EHEA and the Bologna Process

The Bologna Process is a voluntary higher education reform process that aims to reform and internationalise higher education systems and institutions on the basis of a set of key values. The Bologna Process launched in 1999 when the ministers of education of 29 countries met to discuss the future development of higher education in Europe, resulting in the Bologna Declaration. It is one of the main voluntary processes at European level and is now implemented in 48 countries that define the European Higher Education Area (EHEA). The main goals of these member countries are to increase staff and student mobility, and to facilitate employability.

In Yerevan in May 2015, the education ministers identified four key priorities for the future of the Bologna Process and the EHEA:

  • enhancing the quality and relevance of learning and teaching;
  • fostering the employability of graduates throughout their working lives;
  • making our systems more inclusive;
  • implementing agreed structural reforms.

Supporting the implementation of European Higher Education Area reforms

The European Higher Education Area (EHEA) was launched in 2010 as an integral part of the Bologna Process to ensure greater comparability and coherence between Europe’s higher education systems, and as a means of promoting mutual recognition of qualifications, demonstrating transparency of systems and supporting the mobility of staff and students across higher education in Europe.

The British Council, working with the UK Higher Education International Unit, as part of a European Commission initiative and with support from the Department for Education, developed a project with a team of UK EHEA experts to support the implementation of EHEA reforms. The project includes a series of workshops on priority areas for the UK.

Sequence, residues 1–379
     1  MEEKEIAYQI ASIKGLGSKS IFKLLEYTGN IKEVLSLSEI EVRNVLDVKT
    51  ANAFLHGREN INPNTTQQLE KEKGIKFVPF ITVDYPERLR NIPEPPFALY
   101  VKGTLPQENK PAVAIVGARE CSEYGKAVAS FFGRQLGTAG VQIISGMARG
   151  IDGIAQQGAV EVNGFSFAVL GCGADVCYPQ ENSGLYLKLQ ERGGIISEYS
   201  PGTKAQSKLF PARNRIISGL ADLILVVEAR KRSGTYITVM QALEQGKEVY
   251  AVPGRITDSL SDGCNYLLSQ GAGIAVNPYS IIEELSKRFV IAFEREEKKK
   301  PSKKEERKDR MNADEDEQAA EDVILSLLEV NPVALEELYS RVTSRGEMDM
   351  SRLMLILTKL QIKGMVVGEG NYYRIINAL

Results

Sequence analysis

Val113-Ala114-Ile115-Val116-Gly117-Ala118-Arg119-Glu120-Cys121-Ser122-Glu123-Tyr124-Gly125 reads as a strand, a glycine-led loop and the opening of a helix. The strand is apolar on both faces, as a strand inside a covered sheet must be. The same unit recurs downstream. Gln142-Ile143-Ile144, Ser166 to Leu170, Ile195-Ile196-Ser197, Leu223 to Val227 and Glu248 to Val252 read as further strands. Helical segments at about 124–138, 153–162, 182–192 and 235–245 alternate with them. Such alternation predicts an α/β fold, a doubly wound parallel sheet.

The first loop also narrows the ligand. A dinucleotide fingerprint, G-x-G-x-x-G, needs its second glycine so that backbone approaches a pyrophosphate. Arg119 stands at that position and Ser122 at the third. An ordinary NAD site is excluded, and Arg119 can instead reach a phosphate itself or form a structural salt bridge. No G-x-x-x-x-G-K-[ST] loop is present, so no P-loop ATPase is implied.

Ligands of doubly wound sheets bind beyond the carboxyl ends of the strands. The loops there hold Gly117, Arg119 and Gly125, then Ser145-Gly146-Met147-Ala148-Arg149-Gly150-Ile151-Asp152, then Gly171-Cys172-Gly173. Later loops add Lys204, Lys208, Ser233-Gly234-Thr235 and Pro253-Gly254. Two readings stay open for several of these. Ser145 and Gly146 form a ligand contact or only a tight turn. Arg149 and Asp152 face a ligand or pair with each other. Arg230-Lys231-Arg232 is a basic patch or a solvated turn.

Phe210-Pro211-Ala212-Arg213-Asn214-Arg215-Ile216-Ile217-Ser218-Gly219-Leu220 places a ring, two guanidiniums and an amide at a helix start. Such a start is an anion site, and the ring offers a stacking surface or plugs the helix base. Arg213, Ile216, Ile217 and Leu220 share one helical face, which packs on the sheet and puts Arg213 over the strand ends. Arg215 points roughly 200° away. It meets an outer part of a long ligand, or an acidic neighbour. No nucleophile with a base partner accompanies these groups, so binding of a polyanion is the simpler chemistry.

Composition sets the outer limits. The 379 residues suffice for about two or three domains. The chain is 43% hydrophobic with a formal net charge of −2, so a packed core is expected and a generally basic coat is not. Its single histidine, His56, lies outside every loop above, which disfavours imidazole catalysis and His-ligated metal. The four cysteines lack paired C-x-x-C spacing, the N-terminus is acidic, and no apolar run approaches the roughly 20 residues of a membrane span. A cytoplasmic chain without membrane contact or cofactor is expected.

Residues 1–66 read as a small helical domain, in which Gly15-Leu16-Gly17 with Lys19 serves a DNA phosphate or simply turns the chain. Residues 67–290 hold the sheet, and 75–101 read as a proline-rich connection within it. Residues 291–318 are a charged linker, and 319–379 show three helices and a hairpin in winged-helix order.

The workshops were held across the UK from October 2015 until February 2016 on the following themes:

  • Joint Degrees and Bologna tools; 
  • Student Mobility and employability; and
  • Strategic partnerships, capacity building and student-centred learning.

As part of the project, a report (1.3MB) by EHEA expert John Reilly was published on the three sets of EHEA workshops. The report, useful to universities and colleges, links UK policy initiatives to the EHEA and Bologna Process, and extracts the themes of resources, risk, employability, benefits and competences across the workshops.

To review all the workshop presentations and resources please visit the British Council's higher education website.